If you have ever thought about adding more interaction into your lectures, audience response systems (ARS) are easier than ever to use and a great tool for moving students beyond passive listening and note-taking. Most current platforms allow students to use their smartphone instead of special tools like clickers just by downloading an app to their phone or through a URL on their laptop or tablet. ARS platforms today use web-based software to gather, tabulate and post response data, as audience members (or students) respond to a lecturer’s questions in real time. ARS platforms also allow lecturers to collect feedback and use it for a variety of purposes including tracking individual responses, discovering misconceptions, and analyzing the audience’s understanding of content.
How Audience Response Systems Enhance Teaching & Learning
Using an ARS has a list of benefits it can bring to face-to-face classrooms, especially in courses where teaching a large group of students impacts the kinds of conversations you can have. ARS’s provide for a more active learning environment and allows lecturers to assess if students understood what was presented in class, providing immediate formative feedback and explicitly underscoring the key points in the lecture.
Research on ARS use has shown that it is successful in harnessing the “testing effect.” The testing effect has found that long-term memory is often increased when some of the learning time is devoted to retrieving the information just learned. In addition, ARS also gives instructors a chance to collect relevant data and review analytics for their classes, as well as refine their questions based on responses.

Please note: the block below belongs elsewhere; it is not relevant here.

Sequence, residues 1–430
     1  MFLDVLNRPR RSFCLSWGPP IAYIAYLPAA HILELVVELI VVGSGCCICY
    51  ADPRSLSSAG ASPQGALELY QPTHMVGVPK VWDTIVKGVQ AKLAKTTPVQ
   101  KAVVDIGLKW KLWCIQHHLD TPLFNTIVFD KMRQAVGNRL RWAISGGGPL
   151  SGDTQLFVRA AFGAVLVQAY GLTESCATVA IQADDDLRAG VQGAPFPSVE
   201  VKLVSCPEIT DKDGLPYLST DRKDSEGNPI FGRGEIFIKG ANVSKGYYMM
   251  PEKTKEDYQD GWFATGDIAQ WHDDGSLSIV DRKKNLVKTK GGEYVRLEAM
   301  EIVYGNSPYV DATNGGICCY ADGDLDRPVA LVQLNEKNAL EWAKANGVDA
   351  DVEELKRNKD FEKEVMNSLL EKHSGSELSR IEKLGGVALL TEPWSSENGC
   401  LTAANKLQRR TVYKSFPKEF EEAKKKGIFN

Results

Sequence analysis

ARS can also add engagement and an element of fun to a lecture. Some ARS’s allow for competitions, teams, timed responses and the display of points earned. These features bring the unique features of gaming into the class environment and provide a way to connect with students raised in a digital world where interactivity is not only more ubiquitous than for previous generations of students but is an expectation, too.
Implementation in Emory School of Medicine and Rollins School of Public Health
Here at Emory University, both the School of Medicine and the Rollins School of Public Health have added ARS subscription accounts and made them available to faculty. The School of Medicine went through a lengthy review process of different ARS technologies to understand what might work best and settled on implementing Poll Everywhere, as well as the simpler but effective platform, Kahoot!.
A screenshot from Poll Everywhere that displays question types on a poll creation page.
- Poll Everywhere had one of the more straightforward interfaces of all the platforms reviewed and provides a rich set of choices in question types. Students can mark specific places on images by clicking on them, answer a variety of multiple-choice question types, respond to rank-order questions, and enter responses for open-ended questions that display word clouds that visually reflect the number of responses per answer choice. Poll Everywhere also allows an instructor to embed a slide on a web page or in a Canvas course page and collect responses over a period of time. A free version is available for classes up to 40 students (though not all features are available in the free version).
- Kahoot!, while offering fewer question types and pared-down features, is free (even for larger classes) and has a small learning curve. It’s perfect for a quick review of the key information presented in a lecture and creating engaging learning experiences even with serious, complex topics without a huge time investment from the instructor.
Both platforms also allow for homework assignments where the instructor assigns open and close dates and times to a question or set of questions.
To learn more about ARS at Emory, get help on implementing these tools, and more, check out the Teaching and Learning Technologies guide to ARS.